Trump Withdraws Endorsement Of G-7 Communique Over Trudeau Statements

US President Donald Trump has thrown two days of diplomatic talks into chaos, insulting Canada's Prime Minister and tweeting that the United States would not endorse the joint communique that leaders from the Group of Seven nations negotiated at this weekend's summit.

Trump called Trudeau "very dishonest and weak" on Twitter on Saturday and then sent Kudlow and trade adviser Peter Navarro to hammer the message home on Sunday morning news shows in an extraordinary assault on a close USA ally and neighbor. The move has since angered leaders in Europe, Canada and Mexico and has prompted retaliatory threats on U.S. goods.

"Very dishonest [and] weak", Trump tweeted.

The remarks, following a two-day meeting in Canada with the world's largest industrialized economies, seemingly worsened diplomacy between the USA and its closest allies during heightened tensions about US tariffs on aluminum and steel.

Trump's tweets taking aim at the leader of a country that has always been a USA ally came after the President left the G7 summit in Canada to travel to Singapore ahead of a planned diplomatic meeting with North Korean Leader Kim Jong Un. His negotiators have demanded the dismantlement of Canada's openly dirigiste system of supply management in agriculture - a complicated nexus of production quotas and import tariffs created to ensure Canadian dairy, egg and poultry farmers receive fair prices for their products.

Soon after the joint statement was announced, the USA president tweeted defiantly about not allowing "other countries to impose massive tariffs and trade barriers on its on farmers, workers and companies".

Trump quickly responded on Twitter that he was surprised by Trudeau's comments because he found the prime minister "so meek and mild" at the summit.

While talking tough with USA allies such as Canada and the EU, Trump repeated his call for Russian Federation to be allowed back into the elite club, which includes Britain, Canada, France, Germany, Italy, the US and Japan.

Trump negotiated in good faith on the communique agreed by the other members of the G7, only to have Trudeau criticize USA policy after he left, Kudlow said.

Mr Trump warned the EU: "If they retaliate they are making a mistake".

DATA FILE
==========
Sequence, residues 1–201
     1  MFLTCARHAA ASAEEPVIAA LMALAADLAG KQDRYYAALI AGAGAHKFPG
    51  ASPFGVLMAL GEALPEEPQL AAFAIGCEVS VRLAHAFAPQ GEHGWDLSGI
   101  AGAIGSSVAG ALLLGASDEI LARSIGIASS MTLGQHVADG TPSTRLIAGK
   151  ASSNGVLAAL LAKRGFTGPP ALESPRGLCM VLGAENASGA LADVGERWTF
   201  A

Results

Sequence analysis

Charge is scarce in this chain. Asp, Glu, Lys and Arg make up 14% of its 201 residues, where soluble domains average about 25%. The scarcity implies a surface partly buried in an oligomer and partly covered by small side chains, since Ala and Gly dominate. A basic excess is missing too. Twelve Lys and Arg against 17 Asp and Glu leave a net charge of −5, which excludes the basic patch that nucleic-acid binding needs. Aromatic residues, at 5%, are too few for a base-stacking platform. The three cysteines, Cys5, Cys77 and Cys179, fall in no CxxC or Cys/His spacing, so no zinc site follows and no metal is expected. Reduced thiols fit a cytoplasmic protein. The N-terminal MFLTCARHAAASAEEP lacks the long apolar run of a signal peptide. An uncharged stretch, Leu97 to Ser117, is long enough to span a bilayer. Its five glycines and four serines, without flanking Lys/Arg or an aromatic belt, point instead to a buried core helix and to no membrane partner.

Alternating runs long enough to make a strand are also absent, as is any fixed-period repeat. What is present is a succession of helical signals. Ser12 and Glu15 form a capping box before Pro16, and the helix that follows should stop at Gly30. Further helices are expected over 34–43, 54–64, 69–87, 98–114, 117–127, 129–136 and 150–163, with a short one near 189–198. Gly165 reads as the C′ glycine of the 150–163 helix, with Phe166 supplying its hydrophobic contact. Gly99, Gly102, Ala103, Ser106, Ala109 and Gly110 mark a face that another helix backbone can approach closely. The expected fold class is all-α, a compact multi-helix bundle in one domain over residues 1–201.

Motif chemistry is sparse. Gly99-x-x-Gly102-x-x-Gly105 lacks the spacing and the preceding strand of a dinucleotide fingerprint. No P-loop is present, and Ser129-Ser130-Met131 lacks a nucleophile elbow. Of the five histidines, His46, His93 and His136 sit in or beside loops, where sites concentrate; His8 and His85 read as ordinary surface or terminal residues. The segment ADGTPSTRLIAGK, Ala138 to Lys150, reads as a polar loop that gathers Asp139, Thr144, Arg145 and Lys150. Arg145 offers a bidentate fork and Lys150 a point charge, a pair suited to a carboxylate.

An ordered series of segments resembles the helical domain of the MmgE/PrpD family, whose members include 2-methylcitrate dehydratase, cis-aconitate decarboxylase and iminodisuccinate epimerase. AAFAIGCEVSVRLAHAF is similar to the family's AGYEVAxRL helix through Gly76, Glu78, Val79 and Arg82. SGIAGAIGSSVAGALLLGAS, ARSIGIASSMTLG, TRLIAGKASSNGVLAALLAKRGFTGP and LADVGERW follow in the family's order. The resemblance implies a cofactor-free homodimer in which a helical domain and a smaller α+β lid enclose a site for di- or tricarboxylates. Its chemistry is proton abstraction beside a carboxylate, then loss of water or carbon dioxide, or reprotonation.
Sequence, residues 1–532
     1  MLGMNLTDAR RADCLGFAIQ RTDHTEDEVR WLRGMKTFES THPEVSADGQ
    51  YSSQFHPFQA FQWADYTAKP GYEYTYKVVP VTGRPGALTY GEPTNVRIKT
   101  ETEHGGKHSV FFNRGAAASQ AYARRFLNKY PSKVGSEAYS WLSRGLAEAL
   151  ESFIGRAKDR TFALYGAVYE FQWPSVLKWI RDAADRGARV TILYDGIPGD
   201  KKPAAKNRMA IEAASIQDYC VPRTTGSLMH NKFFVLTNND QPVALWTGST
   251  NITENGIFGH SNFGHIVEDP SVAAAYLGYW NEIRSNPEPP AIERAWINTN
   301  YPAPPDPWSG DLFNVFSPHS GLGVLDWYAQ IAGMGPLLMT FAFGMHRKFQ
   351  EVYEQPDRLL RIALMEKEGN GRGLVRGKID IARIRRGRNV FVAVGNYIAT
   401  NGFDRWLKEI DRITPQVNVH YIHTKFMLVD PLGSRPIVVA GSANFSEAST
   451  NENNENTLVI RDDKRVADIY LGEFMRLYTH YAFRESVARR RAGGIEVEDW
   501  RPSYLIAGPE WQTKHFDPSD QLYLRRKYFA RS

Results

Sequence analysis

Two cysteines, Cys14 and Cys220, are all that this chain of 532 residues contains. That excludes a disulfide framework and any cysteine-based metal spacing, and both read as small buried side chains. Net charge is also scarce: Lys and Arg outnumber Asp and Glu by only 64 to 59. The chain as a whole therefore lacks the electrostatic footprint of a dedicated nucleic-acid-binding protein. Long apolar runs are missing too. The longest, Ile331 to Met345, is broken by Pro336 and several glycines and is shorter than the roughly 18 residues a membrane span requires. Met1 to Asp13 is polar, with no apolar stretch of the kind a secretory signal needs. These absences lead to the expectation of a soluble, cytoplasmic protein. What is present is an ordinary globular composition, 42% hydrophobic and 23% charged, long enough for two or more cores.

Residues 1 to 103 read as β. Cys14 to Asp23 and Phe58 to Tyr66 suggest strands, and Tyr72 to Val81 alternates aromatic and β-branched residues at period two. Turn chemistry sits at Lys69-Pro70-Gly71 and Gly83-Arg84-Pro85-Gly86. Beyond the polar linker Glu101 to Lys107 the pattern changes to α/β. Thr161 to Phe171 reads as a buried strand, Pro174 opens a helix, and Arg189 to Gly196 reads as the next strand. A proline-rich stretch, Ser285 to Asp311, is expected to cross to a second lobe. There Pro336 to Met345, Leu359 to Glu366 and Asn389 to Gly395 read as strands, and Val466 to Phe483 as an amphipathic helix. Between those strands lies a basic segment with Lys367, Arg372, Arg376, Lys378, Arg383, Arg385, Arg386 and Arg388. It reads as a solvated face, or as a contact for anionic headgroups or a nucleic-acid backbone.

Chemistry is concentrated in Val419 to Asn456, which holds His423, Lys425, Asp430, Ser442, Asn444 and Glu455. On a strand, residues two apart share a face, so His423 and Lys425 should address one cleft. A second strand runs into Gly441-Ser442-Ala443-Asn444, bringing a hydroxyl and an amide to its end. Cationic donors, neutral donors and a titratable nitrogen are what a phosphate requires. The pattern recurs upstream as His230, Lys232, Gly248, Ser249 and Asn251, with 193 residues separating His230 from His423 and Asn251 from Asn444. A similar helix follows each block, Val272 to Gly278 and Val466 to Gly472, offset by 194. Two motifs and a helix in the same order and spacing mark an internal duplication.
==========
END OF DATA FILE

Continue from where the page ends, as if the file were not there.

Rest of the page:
He added: "Canadians are polite, we're reasonable but we also will not be pushed around".

He said Trump "did the courtesy to Justin Trudeau to travel up to Quebec for that summit".

"In response, the European Union will impose counter-measures". Copies that begin "We, the Leaders of the G7." were distributed in the press room stamped "Approved".

"The prime minister and the president had a very positive, productive meeting and it lasted longer than originally scheduled", a senior government official, speaking on background, told reporters assembled at the G7 summit Friday.

The U.S. president did not appear to be listening during some of the trade presentations, another G7 official familiar with the meeting said.

Trump said that would be a bad idea.

The US president repeated his call for Vladimir Putin to join the other leaders around the summit table.

British Prime Minister Theresa May said the other G7 leaders registered their "deep disappointment at the unjustified decision by the U.S." on its closest allies. "And I saw the willingness on all the sides to find agreements and have a win-win approach for our people, our workers, and our middle classes".

The American leader said a three-country deal would only be possible with substantial changes, and reiterated his interest instead in forming separate two-way trade accords with Mexico and Canada - an interest Canada has made clear it does not share.

But despite the rows over trade and Russia, Mr Trump rated his relationship with other G7 leaders as 10 out of 10.

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